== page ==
“Erwin Broner was deeply in love with Ibiza. He used to tell me that one of the strongest impressions that he had in his life was when he arrived on the island by boat for the first time and, once he was in the port, he discovered our city in the early hours of the day”.
If he had to choose the most transcendental instant in his life, this would most certainly be a leading candidate. Practically the same situation that was undergone two years earlier by Walter Benjamin, who did not hesitate to disembark during a long voyage on board a German cargo ship from Hamburg to land, prior to passing through Barcelona, at the almost unknown Balearic island. Benjamin, who had taken the decision to travel to Ibiza for the purpose of getting over an acute existential crisis, writes these notes during the voyage in his inseparable diary.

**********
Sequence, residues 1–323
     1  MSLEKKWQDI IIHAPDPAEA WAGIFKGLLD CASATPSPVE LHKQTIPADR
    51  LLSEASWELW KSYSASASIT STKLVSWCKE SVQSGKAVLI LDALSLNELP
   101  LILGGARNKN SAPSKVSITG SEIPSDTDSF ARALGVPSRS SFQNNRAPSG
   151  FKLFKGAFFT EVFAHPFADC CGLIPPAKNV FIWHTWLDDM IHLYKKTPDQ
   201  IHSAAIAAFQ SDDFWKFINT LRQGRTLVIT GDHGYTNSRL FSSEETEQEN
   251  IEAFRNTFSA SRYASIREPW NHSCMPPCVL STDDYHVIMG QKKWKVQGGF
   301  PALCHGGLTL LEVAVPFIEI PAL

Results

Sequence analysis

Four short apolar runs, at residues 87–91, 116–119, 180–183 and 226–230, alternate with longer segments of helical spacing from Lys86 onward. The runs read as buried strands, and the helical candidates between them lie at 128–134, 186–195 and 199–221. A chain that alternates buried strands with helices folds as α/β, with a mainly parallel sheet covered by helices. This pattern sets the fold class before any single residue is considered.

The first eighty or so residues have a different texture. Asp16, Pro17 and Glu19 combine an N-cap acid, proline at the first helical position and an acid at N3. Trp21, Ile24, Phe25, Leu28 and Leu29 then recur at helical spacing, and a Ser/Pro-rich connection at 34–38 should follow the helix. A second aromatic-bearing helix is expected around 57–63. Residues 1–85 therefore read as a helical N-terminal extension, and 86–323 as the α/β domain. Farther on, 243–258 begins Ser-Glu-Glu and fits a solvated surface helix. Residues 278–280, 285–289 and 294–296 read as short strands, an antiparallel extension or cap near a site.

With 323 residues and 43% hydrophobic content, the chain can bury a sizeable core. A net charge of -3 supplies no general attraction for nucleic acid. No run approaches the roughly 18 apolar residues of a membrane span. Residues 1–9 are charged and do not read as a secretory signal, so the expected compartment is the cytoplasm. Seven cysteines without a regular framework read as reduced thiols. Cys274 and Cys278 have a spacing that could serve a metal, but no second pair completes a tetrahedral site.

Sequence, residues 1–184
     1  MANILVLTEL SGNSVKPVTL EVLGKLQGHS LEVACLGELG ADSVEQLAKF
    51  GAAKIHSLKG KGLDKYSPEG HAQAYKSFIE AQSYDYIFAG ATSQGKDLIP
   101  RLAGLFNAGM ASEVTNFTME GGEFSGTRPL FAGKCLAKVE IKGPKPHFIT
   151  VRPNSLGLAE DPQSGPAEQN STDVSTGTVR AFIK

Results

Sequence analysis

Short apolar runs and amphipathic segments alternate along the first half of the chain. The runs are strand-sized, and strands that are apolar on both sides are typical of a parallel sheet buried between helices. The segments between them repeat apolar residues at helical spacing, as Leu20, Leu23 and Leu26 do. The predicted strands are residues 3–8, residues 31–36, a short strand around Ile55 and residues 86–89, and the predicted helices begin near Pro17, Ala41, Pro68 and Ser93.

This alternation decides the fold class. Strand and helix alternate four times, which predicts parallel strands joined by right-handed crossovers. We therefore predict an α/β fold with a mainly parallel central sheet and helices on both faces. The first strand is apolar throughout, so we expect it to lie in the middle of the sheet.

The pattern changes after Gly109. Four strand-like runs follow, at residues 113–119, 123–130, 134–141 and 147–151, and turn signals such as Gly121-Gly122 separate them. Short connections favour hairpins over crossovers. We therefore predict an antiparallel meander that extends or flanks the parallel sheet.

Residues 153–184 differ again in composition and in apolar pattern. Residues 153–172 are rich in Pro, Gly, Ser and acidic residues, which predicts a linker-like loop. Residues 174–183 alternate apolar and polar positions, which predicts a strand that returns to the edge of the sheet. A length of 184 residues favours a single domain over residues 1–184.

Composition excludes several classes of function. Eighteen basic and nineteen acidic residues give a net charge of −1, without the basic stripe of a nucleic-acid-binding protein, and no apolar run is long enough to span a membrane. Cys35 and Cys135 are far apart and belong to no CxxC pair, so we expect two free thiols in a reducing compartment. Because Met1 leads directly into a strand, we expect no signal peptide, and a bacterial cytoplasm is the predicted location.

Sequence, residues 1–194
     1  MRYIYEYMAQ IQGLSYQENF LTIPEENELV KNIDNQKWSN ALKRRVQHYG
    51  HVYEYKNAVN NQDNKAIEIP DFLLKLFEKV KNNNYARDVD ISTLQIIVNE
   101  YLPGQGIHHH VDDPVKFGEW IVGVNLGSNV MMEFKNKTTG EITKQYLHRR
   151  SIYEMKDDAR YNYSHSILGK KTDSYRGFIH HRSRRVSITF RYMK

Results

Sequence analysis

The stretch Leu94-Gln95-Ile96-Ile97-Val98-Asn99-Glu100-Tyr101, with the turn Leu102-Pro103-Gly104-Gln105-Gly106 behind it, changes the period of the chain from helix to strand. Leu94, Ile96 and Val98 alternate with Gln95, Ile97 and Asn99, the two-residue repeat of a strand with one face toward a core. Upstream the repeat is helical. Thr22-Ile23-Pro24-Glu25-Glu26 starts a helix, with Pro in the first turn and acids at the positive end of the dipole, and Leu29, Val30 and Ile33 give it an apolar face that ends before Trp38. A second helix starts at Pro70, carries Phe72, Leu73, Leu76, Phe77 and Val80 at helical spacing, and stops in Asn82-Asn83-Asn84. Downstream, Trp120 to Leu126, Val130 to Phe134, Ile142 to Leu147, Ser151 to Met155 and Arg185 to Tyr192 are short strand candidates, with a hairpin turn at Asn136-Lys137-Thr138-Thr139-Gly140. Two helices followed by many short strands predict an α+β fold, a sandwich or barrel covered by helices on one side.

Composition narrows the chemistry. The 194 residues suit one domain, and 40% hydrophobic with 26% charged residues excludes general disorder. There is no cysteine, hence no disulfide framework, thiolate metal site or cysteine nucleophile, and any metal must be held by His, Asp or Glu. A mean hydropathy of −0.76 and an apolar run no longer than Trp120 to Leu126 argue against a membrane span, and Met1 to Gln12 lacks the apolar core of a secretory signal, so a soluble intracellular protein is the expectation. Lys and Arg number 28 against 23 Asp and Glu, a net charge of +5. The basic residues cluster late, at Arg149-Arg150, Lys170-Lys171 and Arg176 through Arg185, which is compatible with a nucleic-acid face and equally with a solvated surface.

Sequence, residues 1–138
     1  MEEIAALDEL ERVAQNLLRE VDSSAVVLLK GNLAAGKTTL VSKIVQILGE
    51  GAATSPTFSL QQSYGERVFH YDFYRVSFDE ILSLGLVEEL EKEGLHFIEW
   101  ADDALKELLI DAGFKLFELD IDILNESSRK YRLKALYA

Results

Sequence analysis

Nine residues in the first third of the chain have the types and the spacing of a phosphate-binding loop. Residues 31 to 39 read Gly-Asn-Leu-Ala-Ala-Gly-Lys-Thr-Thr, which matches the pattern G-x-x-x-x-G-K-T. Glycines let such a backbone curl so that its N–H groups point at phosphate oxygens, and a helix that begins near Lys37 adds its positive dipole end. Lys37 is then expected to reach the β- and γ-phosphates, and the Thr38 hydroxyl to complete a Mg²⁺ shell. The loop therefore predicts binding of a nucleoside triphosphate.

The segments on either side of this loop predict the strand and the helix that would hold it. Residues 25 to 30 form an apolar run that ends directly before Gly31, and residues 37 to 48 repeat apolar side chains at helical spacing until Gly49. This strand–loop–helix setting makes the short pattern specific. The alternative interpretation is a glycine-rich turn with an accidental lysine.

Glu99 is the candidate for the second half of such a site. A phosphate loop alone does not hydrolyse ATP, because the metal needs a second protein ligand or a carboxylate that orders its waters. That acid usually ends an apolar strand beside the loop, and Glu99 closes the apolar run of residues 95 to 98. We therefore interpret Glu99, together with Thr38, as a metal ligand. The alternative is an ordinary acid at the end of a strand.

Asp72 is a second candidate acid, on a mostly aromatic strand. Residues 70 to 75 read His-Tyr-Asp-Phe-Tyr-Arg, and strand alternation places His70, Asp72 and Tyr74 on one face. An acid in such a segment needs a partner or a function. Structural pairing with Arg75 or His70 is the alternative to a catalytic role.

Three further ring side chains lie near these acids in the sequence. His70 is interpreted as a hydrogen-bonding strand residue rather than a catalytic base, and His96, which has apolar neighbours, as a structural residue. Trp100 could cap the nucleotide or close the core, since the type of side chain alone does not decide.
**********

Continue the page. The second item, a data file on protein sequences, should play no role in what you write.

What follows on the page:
Reflections that could well be applied to the experience that Erwin himself went through:
“I was standing up, and I thought about the famous saying by Horace «One may flee from his country, but that does not mean he will manage to flee from himself» and how very debatable it is. Well, is travelling not a way of overcoming, a way of purifying deep-seated passions that are rooted in one’s habitual surroundings, and with it an opportunity to develop new ones, which is surely a kind of transformation?”